Fetching latest commit…
Cannot retrieve the latest commit at this time.
|Failed to load latest commit information.|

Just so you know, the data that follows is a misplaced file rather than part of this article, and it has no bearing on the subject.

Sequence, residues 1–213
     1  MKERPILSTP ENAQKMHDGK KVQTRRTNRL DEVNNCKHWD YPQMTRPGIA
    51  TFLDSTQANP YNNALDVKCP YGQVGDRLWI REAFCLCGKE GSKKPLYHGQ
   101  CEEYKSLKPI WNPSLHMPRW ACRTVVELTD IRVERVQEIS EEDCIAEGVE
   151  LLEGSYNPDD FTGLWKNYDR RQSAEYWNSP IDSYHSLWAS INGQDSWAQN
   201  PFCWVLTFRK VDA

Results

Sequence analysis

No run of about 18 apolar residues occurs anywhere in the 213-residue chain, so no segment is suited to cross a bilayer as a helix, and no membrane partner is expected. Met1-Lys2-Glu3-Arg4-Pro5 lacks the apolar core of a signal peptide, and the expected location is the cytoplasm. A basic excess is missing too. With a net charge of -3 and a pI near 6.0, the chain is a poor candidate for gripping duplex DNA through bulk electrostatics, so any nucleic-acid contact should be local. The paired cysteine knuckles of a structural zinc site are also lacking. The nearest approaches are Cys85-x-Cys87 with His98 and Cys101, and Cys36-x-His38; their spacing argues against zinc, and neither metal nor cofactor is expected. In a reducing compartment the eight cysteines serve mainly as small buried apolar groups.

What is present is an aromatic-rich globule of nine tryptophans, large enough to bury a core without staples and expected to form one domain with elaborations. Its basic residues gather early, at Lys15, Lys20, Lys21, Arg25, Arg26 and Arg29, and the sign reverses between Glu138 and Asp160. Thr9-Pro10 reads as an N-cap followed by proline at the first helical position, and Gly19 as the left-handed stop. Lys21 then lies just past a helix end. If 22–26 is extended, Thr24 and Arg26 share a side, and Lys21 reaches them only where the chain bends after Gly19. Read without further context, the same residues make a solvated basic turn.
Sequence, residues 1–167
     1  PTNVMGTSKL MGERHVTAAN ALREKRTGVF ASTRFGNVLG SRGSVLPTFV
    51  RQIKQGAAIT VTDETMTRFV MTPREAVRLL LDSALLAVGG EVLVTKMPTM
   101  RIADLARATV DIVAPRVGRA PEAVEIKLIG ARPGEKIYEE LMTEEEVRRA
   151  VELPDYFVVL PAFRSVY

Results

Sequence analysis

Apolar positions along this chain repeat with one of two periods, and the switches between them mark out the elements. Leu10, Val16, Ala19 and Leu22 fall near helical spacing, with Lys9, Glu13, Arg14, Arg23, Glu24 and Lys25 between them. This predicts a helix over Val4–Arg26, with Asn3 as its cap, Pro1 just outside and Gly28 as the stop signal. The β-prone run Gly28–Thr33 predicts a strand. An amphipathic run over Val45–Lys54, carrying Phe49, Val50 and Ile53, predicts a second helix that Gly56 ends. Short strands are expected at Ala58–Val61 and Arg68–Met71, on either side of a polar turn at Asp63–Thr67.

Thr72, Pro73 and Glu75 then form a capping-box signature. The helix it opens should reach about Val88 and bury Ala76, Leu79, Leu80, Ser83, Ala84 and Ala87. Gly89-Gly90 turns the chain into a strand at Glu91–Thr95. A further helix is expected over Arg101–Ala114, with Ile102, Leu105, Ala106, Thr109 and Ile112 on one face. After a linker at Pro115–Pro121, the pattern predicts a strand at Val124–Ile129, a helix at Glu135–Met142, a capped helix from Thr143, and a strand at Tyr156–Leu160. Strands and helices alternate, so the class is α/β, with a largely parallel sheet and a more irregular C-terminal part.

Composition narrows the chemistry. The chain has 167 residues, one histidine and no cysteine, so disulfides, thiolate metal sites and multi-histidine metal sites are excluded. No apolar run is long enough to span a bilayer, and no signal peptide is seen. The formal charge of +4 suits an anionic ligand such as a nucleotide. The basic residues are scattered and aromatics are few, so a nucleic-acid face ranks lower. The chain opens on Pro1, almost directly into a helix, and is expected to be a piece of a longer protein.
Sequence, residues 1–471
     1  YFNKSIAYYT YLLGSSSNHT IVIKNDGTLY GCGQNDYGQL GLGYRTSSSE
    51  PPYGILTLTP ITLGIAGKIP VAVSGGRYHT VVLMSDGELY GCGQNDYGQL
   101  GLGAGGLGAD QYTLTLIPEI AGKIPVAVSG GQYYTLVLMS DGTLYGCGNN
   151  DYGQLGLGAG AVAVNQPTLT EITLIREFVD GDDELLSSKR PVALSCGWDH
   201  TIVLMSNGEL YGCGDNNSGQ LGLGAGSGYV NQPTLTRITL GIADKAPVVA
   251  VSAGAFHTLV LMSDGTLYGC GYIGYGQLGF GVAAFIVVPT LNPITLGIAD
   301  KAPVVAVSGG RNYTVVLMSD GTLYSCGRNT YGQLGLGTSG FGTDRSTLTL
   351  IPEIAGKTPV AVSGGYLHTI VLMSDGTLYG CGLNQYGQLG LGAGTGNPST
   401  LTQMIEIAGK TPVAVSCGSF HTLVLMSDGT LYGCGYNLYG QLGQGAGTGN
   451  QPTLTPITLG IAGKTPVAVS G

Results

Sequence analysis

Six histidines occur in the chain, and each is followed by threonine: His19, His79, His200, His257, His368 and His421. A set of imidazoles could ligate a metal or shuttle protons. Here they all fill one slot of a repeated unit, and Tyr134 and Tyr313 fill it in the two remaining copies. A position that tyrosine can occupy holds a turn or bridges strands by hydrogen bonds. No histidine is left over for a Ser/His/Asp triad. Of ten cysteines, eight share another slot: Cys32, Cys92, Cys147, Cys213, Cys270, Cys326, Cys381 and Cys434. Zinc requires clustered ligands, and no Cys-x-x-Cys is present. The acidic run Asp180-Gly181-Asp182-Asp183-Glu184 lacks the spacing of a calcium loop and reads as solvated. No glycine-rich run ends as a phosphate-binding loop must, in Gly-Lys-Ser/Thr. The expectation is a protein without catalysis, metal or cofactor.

SQUASHFS 2.2 - A squashed read-only filesystem for Linux Copyright 2005 Phillip Lougher (email@example.com) Released under the GPL licence (version 2 or later). Welcome to Squashfs version 2.2-r2. Please see the CHANGES file for details of changes. Squashfs is a highly compressed read-only filesystem for Linux. It uses zlib compression to compress both files, inodes and directories. Inodes in the system are very small and all blocks are packed to minimise data overhead. Block sizes greater than 4K are supported up to a maximum of 64K. Squashfs is intended for general read-only filesystem use, for archival use (i.e. in cases where a .tar.gz file may be used), and in constrained block device/memory systems (e.g. embedded systems) where low overhead is needed. 1. SQUASHFS OVERVIEW -------------------- 1. Data, inodes and directories are compressed. 2. Squashfs stores full uid/gids (32 bits), and file creation time. 3. Files up to 2^32 bytes are supported. Filesystems can be up to 2^32 bytes. 4. Inode and directory data are highly compacted, and packed on byte boundaries. Each compressed inode is on average 8 bytes in length (the exact length varies on file type, i.e. regular file, directory, symbolic link, and block/char device inodes have different sizes). 5. Squashfs can use block sizes up to 64K (the default size is 64K). Using 64K blocks achieves greater compression ratios than the normal 4K block size. 6. File duplicates are detected and removed. 7. Both big and little endian architectures are supported. Squashfs can mount filesystems created on different byte order machines. 2. USING SQUASHFS ----------------- Squashfs filesystems should be mounted with 'mount' with the filesystem type 'squashfs'. If the filesystem is on a block device, the filesystem can be mounted directly, e.g. %mount -t squashfs /dev/sda1 /mnt Will mount the squashfs filesystem on "/dev/sda1" under the directory "/mnt". If the squashfs filesystem has been written to a file, the loopback device can be used to mount it (loopback support must be in the kernel), e.g. %mount -t squashfs image /mnt -o loop Will mount the squashfs filesystem in the file "image" under the directory "/mnt". 3. MKSQUASHFS ------------- 3.1 Mksquashfs options and overview. ------------------------------------ As squashfs is a read-only filesystem, the mksquashfs program must be used to create populated squashfs filesystems. SYNTAX:mksquashfs source1 source2 ... dest [options] [-e list of exclude dirs/files] Options are -version print version, licence and copyright message -info print files written to filesystem -b <block_size> set data block to <block_size>. Default 65536 bytes -2.0 create a 2.0 filesystem -noI do not compress inode table -noD do not compress data blocks -noF do not compress fragment blocks -no-fragments do not use fragments -always-use-fragments use fragment blocks for files larger than block size -no-duplicates do not perform duplicate checking -noappend do not append to existing filesystem -keep-as-directory if one source directory is specified, create a root directory containing that directory, rather than the contents of the directory -root-becomes <name> when appending source files/directories, make the original root become a subdirectory in the new root called <name>, rather than adding the new source items to the original root -all-root make all files owned by root -force-uid uid set all file uids to uid -force-gid gid set all file gids to gid -le create a little endian filesystem -be create a big endian filesystem -nopad do not pad filesystem to a multiple of 4K -check_data add checkdata for greater filesystem checks -root-owned alternative name for -all-root -noInodeCompression alternative name for -noI -noDataCompression alternative name for -noD -noFragmentCompression alternative name for -noF -sort <sort_file> sort files according to priorities in <sort_file>. One file or dir with priority per line. Priority -32768 to 32767, default priority 0 -ef <exclude_file> list of exclude dirs/files. One per line Source1 source2 ... are the source directories/files containing the files/directories that will form the squashfs filesystem. If a single directory is specified (i.e. mksquashfs source output_fs) the squashfs filesystem will consist of that directory, with the top-level root directory corresponding to the source directory. If multiple source directories or files are specified, mksquashfs will merge the specified sources into a single filesystem, with the root directory containing each of the source files/directories. The name of each directory entry will be the basename of the source path. If more than one source entry maps to the same name, the conflicts are named xxx_1, xxx_2, etc. where xxx is the original name. To make this clear, take two example directories. Source directory "/home/phillip/test" contains "file1", "file2" and "dir1". Source directory "goodies" contains "goodies1", "goodies2" and "goodies3". usage example 1: %mksquashfs /home/phillip/test output_fs This will generate a squashfs filesystem with root entries "file1", "file2" and "dir1". example 2: %mksquashfs /home/phillip/test goodies output_fs This will create a squashfs filesystem with the root containing entries "test" and "goodies" corresponding to the source directories "/home/phillip/test" and "goodies". example 3: %mksquashfs /home/phillip/test goodies test output_fs This is the same as the previous example, except a third source directory "test" has been specified. This conflicts with the first directory named "test" and will be renamed "test_1". Multiple sources allow filesystems to be generated without needing to copy all source files into a common directory. This simplifies creating filesystems. The -keep-as-directory option can be used when only one source directory is specified, and you wish the root to contain that directory, rather than the contents of the directory. For example: example 4: %mksquashfs /home/phillip/test output_fs -keep-as-directory This is the same as example 1, except for -keep-as-directory. This will generate a root directory containing directory "test", rather than the "test" directory contents "file1", "file2" and "dir1". The Dest argument is the destination where the squashfs filesystem will be written. This can either be a conventional file or a block device. If the file doesn't exist it will be created, if it does exist and a squashfs filesystem exists on it, mksquashfs will append. The -noappend option will write a new filesystem irrespective of whether an existing filesystem is present. 3.2 Changing compression defaults used in mksquashfs ---------------------------------------------------- There are a large number of options that can be used to control the compression in mksquashfs. By and large the defaults are the most optimum settings and should only be changed in exceptional circumstances! The -noI, -noD and -noF options (also -noInodeCompression, -noDataCompression and -noFragmentCompression) can be used to force mksquashfs to not compress inodes/directories, data and fragments respectively. Giving all options generates an uncompressed filesystem. The -no-fragments tells mksquashfs to not generate fragment blocks, and rather generate a filesystem similar to a Squashfs 1.x filesystem. It will of course still be a Squashfs 2.0 filesystem but without fragments, and so it won't be mountable on a Squashfs 1.x system. The -always-use-fragments option tells mksquashfs to always generate fragments for files irrespective of the file length. By default only small files less than the block size are packed into fragment blocks. The ends of files which do not fit fully into a block, are NOT by default packed into fragments. To illustrate this, a 100K file has an initial 64K block and a 36K remainder. This 36K remainder is not packed into a fragment by default. This is because to do so leads to a 10 - 20% drop in sequential I/O performance, as a disk head seek is needed to seek to the initial file data and another disk seek is need to seek to the fragment block. Specify this option if you want file remainders to be packed into fragment blocks. Doing so may increase the compression obtained BUT at the expense of I/O speed. The -no-duplicates option tells mksquashfs to not check the files being added to the filesystem for duplicates. This can result in quicker filesystem generation and appending although obviously compression will suffer badly if there is a lot of duplicate files. The -b option allows the block size to be selected, this can be either 4096, 8192, 16384, 32768 or 65536 bytes. 3.3 Specifying the UIDs/GIDs used in the filesystem --------------------------------------------------- By default files in the generated filesystem inherit the UID and GID ownership of the original file. However, mksquashfs provides a number of options which can be used to override the ownership. The options -all-root and -root-owned (both do exactly the same thing) force all file uids/gids in the generated Squashfs filesystem to be root. This allows root owned filesystems to be built without root access on the host machine. The "-force-uid uid" option forces all files in the generated Squashfs filesystem to be owned by the specified uid. The uid can be specified either by name (i.e. "root") or by number. The "-force-gid gid" option forces all files in the generated Squashfs filesystem to be group owned by the specified gid. The gid can be specified either by name (i.e. "root") or by number. 3.4 Excluding files from the filesystem --------------------------------------- The -e and -ef options allow files/directories to be specified which are excluded from the output filesystem. The -e option takes the exclude files/directories from the command line, the -ef option takes the exlude files/directories from the specified exclude file, one file/directory per line. If an exclude file/directory is absolute (i.e. prefixed with /, ../, or ./) the entry is treated as absolute, however, if an exclude file/directory is relative, it is treated as being relative to each of the sources in turn, i.e. %mksquashfs /tmp/source1 source2 output_fs -e ex1 /tmp/source1/ex2 out/ex3 Will generate exclude files /tmp/source1/ex2, /tmp/source1/ex1, source2/ex1, /tmp/source1/out/ex3 and source2/out/ex3. The -e and -ef exclude options are usefully used in archiving the entire filesystem, where it is wished to avoid archiving /proc, and the filesystem being generated, i.e. %mksquashfs / /tmp/root.sqsh -e proc /tmp/root.sqsh Multiple -ef options can be specified on the command line, and the -ef option can be used in conjuction with the -e option. 3.5 Appending to squashfs filesystems ------------------------------------- Running squashfs with the destination directory containing an existing filesystem will add the source items to the existing filesystem. By default, the source items are added to the existing root directory. To make this clear... An existing filesystem "image" contains root entries "old1", and "old2". Source directory "/home/phillip/test" contains "file1", "file2" and "dir1". example 1: %mksquashfs /home/phillip/test image Will create a new "image" with root entries "old1", "old2", "file1", "file2" and "dir1" example 2: %mksquashfs /home/phillip/test image -keep-as-directory Will create a new "image" with root entries "old1", "old2", and "test". As shown in the previous section, for single source directories '-keep-as-directory' adds the source directory rather than the contents of the directory. example 3: %mksquashfs /home/phillip/test image -keep-as-directory -root-becomes original-root Will create a new "image" with root entries "original-root", and "test". The '-root-becomes' option specifies that the original root becomes a subdirectory in the new root, with the specified name. The append option with file duplicate detection, means squashfs can be used as a simple versioning archiving filesystem. A squashfs filesystem can be created with for example the linux-2.4.19 source. Appending the linux-2.4.20 source will create a filesystem with the two source trees, but only the changed files will take extra room, the unchanged files will be detected as duplicates. 3.6 Miscellaneous options ------------------------- The -info option displays the files/directories as they are compressed and added to the filesystem. The original uncompressed size of each file is printed, along with DUPLICATE if the file is a duplicate of a file in the filesystem. The -le and -be options can be used to force mksquashfs to generate a little endian or big endian filesystem. Normally mksquashfs will generate a filesystem in the host byte order. Squashfs, for portability, will mount different ordered filesystems (i.e. it can mount big endian filesystems running on a little endian machine), but these options can be used for greater optimisation. The -nopad option informs mksquashfs to not pad the filesystem to a 4K multiple. This is performed by default to enable the output filesystem file to be mounted by loopback, which requires files to be a 4K multiple. If the filesystem is being written to a block device, or is to be stored in a bootimage, the extra pad bytes are not needed. 4. FILESYSTEM LAYOUT -------------------- Brief filesystem design notes follow for the original 1.x filesystem layout. A description of the 2.0 filesystem layout will be written sometime! A squashfs filesystem consists of five parts, packed together on a byte alignment: --------------- | superblock | |---------------| | data | | blocks | |---------------| | inodes | |---------------| | directories | |---------------| | uid/gid | | lookup table | --------------- Compressed data blocks are written to the filesystem as files are read from the source directory, and checked for duplicates. Once all file data has been written the completed inode, directory and uid/gid lookup tables are written. 4.1 Metadata ------------ Metadata (inodes and directories) are compressed in 8Kbyte blocks. Each compressed block is prefixed by a two byte length, the top bit is set if the block is uncompressed. A block will be uncompressed if the -noI option is set, or if the compressed block was larger than the uncompressed block. Inodes are packed into the metadata blocks, and are not aligned to block boundaries, therefore inodes overlap compressed blocks. An inode is identified by a two field tuple <start address of compressed block : offset into de-compressed block>. Inode contents vary depending on the file type. The base inode consists of: base inode: Inode type Mode uid index gid index The inode type is 4 bits in size, and the mode is 12 bits. The uid and gid indexes are 4 bits in length. Ordinarily, this will allow 16 unique indexes into the uid table. To minimise overhead, the uid index is used in conjunction with the spare bit in the file type to form a 48 entry index as follows: inode type 1 - 5: uid index = uid inode type 5 -10: uid index = 16 + uid inode type 11 - 15: uid index = 32 + uid In this way 48 unique uids are supported using 4 bits, minimising data inode overhead. The 4 bit gid index is used to index into a 15 entry gid table. Gid index 15 is used to indicate that the gid is the same as the uid. This prevents the 15 entry gid table filling up with the common case where the uid/gid is the same. The data contents of symbolic links are stored immediately after the symbolic link inode, inside the inode table. This allows the normally small symbolic link to be compressed as part of the inode table, achieving much greater compression than if the symbolic link was compressed individually. Similarly, the block index for regular files is stored immediately after the regular file inode. The block index is a list of block lengths (two bytes each), rather than block addresses, saving two bytes per block. The block address for a given block is computed by the summation of the previous block lengths. This takes advantage of the fact that the blocks making up a file are stored contiguously in the filesystem. The top bit of each block length is set if the block is uncompressed, either because the -noD option is set, or if the compressed block was larger than the uncompressed block. 4.2 Directories --------------- Like inodes, directories are packed into the metadata blocks, and are not aligned on block boundaries, therefore directories can overlap compressed blocks. A directory is, again, identified by a two field tuple <start address of compressed block containing directory start : offset into de-compressed block>. Directories are organised in a slightly complex way, and are not simply a list of file names and inode tuples. The organisation takes advantage of the observation that in most cases, the inodes of the files in the directory will be in the same compressed metadata block, and therefore, the inode tuples will have the same start block. Directories are therefore organised in a two level list, a directory header containing the shared start block value, and a sequence of directory entries, each of which share the shared start block. A new directory header is written once/if the inode start block changes. The directory header/directory entry list is repeated as many times as necessary. The organisation is as follows: directory_header: count (8 bits) inode start block (24 bits) directory entry: * count inode offset (13 bits) inode type (3 bits) filename size (8 bits) filename This organisation saves on average 3 bytes per filename. 4.3 File data ------------- File data is compressed on a block by block basis and written to the filesystem. The filesystem supports up to 32K blocks, which achieves greater compression ratios than the Linux 4K page size. The disadvantage with using greater than 4K blocks (and the reason why most filesystems do not), is that the VFS reads data in 4K pages. The filesystem reads and decompresses a larger block containing that page (e.g. 32K). However, only 4K can be returned to the VFS, resulting in a very inefficient filesystem, as 28K must be thrown away. Squashfs, solves this problem by explicitly pushing the extra pages into the page cache. 5. AUTHOR INFO -------------- Squashfs was written by Phillip Lougher, email firstname.lastname@example.org, in Chepstow, Wales, UK. If you like the program, or have any problems, then please email me, as it's nice to get feedback!